Christmas Day in camp was sad. The 2,500 men of the 66th Infantry Division shipped out for France on Christmas Eve aboard a Belgian cruise ship, the SS Leopoldville. Just a few miles from the coast of Cherbourg, a German U-boat torpedoed the Leopoldville, killing 802. Tom Kordle wrote a poem to memorialize a friend who was lost that night: “December Channel, dark and cruel / Coffin on that mournful Yule.”[1]

It was the middle of January when the 76th embarked for France in armada. Snow was falling on Bournemouth as a hundred troop transports pushed out. The boats plied the waves at about 11 knots per hour because of the U-boat danger.

Across the channel, the 76th marched from Limesy to Luxembourg in less than two weeks through the snow, arriving in Junglinster on January 26.[2] Even without the impending crossfire, the winter was deadly. Snow blanketed the disputed lands. Inadequately booted and clothed, the men struggled to survive.

In the Luxembourg winter of 1945, Lt. Myers was almost, as his football teammate Don Henderson had known him at Viking Field in the good years, “fearless.” But as Randall remembers, “We were all afraid that we were going to get killed or wounded in combat. After seeing the figures from Omaha Beach, we knew that it was pretty bad. We also knew that their tanks were better, and their 88-mm gun was better. They were a veteran-trained army, most had been fighting for five or six years, and we were brand new. We hadn’t been in combat at all.”
Infantrymen were a minority of servicemen and a majority of casualties. According to General Omar Bradley, only one in fifteen men in the European theater were in combat, and only one in seven in the Third Army. “There’s so many people in supply and support that don’t ever have to fight,” said Randall. “The infantry rifle company is where attrition is so terrible.” The rifle infantry accounted for 83 percent of casualties.

By war’s end, three of six officers in Eddie’s company had been killed. The other three were wounded. One wounded officer became mentally unstable.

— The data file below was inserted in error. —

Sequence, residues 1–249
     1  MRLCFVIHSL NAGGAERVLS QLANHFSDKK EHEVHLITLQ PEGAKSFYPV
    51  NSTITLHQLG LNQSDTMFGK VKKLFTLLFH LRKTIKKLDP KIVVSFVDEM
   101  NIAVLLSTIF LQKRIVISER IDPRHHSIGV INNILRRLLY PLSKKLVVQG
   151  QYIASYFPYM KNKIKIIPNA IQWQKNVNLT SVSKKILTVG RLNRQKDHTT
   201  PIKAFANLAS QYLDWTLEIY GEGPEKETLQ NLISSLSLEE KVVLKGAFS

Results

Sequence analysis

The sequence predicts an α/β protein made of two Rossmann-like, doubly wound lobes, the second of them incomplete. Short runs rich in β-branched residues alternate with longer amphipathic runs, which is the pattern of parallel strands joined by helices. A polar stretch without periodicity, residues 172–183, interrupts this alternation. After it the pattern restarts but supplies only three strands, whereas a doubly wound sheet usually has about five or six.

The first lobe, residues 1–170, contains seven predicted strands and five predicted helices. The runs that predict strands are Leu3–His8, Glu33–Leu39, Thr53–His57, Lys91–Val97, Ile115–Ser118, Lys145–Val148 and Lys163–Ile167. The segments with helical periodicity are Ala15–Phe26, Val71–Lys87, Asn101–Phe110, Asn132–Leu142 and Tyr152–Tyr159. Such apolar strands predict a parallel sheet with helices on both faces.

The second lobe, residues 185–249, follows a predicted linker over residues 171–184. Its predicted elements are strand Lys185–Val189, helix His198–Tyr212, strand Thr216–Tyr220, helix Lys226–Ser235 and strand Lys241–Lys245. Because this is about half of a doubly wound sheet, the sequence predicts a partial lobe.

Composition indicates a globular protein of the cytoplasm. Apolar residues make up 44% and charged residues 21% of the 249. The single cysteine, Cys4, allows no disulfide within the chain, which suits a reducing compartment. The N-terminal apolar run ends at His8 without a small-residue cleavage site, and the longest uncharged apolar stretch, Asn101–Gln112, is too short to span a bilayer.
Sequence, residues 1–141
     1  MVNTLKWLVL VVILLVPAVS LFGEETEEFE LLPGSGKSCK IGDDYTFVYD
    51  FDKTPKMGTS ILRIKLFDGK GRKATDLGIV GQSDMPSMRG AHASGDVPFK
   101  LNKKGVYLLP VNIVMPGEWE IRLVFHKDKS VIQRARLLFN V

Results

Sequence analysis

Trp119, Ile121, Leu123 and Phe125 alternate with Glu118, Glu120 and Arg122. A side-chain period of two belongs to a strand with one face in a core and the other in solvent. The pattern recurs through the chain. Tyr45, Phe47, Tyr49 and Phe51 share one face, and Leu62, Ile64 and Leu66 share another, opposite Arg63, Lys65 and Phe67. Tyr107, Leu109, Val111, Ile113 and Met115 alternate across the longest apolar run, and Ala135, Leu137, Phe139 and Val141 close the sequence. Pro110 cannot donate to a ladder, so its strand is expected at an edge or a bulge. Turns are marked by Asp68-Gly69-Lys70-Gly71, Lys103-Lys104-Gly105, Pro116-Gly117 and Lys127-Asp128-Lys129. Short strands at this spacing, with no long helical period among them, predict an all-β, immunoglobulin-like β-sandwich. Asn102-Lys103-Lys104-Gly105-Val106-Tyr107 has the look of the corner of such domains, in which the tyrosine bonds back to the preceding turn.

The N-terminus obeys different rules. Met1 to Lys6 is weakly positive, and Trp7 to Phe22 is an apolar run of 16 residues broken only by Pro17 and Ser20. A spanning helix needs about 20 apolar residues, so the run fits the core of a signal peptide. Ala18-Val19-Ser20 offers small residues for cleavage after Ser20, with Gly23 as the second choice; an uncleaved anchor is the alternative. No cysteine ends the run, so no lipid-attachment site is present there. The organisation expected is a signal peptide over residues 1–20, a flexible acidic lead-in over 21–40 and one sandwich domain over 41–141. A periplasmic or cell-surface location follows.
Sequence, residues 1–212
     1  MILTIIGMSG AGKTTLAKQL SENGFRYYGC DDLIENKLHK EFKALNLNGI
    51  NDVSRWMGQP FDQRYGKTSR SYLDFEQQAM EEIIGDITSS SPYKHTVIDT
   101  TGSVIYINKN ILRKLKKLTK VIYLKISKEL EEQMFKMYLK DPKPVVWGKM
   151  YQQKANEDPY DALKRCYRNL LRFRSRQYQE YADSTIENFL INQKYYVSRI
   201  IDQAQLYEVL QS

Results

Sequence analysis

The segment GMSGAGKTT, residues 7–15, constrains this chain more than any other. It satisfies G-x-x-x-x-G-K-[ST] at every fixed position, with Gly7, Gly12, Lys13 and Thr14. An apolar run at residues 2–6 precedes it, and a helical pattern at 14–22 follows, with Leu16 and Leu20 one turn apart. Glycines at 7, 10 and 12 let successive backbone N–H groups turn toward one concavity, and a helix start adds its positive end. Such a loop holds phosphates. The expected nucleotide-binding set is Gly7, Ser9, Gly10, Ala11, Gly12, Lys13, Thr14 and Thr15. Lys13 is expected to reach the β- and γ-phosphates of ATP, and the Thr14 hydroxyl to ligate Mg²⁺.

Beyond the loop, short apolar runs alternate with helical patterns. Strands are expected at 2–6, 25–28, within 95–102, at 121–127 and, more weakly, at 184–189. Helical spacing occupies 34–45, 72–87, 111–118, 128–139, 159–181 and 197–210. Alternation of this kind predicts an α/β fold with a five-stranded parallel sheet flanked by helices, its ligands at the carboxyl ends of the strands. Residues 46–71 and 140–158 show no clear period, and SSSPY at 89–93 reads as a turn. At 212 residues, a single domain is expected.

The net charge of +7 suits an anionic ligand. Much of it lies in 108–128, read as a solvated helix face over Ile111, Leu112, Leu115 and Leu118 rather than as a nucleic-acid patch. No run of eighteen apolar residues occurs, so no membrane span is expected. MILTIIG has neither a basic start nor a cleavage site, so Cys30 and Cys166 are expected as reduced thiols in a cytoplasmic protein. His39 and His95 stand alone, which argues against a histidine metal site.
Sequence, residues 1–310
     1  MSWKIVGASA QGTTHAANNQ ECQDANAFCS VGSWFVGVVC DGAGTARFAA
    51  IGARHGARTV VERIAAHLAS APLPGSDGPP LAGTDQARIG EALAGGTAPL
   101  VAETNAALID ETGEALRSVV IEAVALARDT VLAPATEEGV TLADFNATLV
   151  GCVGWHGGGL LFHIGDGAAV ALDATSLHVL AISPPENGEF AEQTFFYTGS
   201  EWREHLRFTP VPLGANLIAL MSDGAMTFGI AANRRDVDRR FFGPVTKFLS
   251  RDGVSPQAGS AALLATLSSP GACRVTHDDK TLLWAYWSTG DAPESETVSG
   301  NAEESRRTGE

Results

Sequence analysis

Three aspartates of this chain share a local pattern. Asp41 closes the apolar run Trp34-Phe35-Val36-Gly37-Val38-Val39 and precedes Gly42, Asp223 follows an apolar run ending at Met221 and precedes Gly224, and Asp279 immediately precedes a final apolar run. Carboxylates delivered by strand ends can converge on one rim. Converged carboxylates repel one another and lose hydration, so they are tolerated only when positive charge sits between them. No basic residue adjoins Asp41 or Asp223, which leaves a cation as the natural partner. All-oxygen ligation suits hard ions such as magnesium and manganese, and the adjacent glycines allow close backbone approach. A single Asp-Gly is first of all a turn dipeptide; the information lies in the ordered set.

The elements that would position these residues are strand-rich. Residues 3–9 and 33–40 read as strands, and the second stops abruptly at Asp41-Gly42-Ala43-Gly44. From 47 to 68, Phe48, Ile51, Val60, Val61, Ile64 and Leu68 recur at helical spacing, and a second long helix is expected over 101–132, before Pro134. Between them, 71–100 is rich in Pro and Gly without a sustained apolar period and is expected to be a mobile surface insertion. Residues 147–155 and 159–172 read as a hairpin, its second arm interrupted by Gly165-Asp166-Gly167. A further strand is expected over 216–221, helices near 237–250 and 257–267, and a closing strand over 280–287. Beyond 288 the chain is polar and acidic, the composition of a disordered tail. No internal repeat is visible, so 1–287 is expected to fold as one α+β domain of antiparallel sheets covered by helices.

“The life expectancy of a Second Lieutenant in the infantry was pretty terrible,” said Randall.

“We all welcomed a light wound—that was the greatest way to get out of fighting. You just didn’t want a severe wound.”

The first officer in Eddie’s company to be severely wounded in the Battle of the Bulge was the company commander. Then the executive officer was killed. With no time to mourn the dead, Eddie took over as company commander.

In mid-February, several hundred men of the 76th penetrated the Ziegfried Line. They crossed the Zauer River through German-occupied territory. On the other side, Lt. Myers led his men as they climbed about 450 feet up a mine-laden escarpment. At the top was an obstacle course like no other. Stretching 1,000 yards across and three and a half miles into the distance were 144 German pillboxes. Inch by inch, pillbox by pillbox, the infantrymen made their way through. Despite their insufficient clothing and shoes, the 76th had a fighting advantage over the Germans, whose force had been weakened by Russian assaults on the Eastern front.

“That was Eddie’s biggest action,” said Randall. “We went through that. Then after a couple days he got killed.”

It was after two days of rest beyond the Ziegfried line that the 76th began an assault on the town of Welshbillag. Two-hundred fifty men charged into the town.

Two German tanks fired rounds of 80-mm mortars into the advancing Americans. Some men were killed instantly. A shell landed beside Lt. Randall; it was a dud. Lt. Myers was hit in the stomach. He was losing blood quickly. Some of his men helped him into a barn. Most of the platoon continued on, fighting through the night. Lt. Myers sat up in the barn in agonizing pain.

Probably there were animals in the barn where Lt. Myers died, so at least in the end, he was with creatures he loved. Eddie was 21.

“I can understand him getting killed, because if the guy next to him didn’t want to go, he’d be out there,” said Eddie’s friend Don Henderson.

Lt. Eddie Myers ought to be a hero to the young people of Puyallup. He is a hero to its old people. He is by now a hero to me.

Hans Zeiger is a fourth-generation Puyallup resident and a freelance writer. He is seeking additional memories of Eddie Myers and other Puyallup war heroes. Contact him at or 253-905-8160.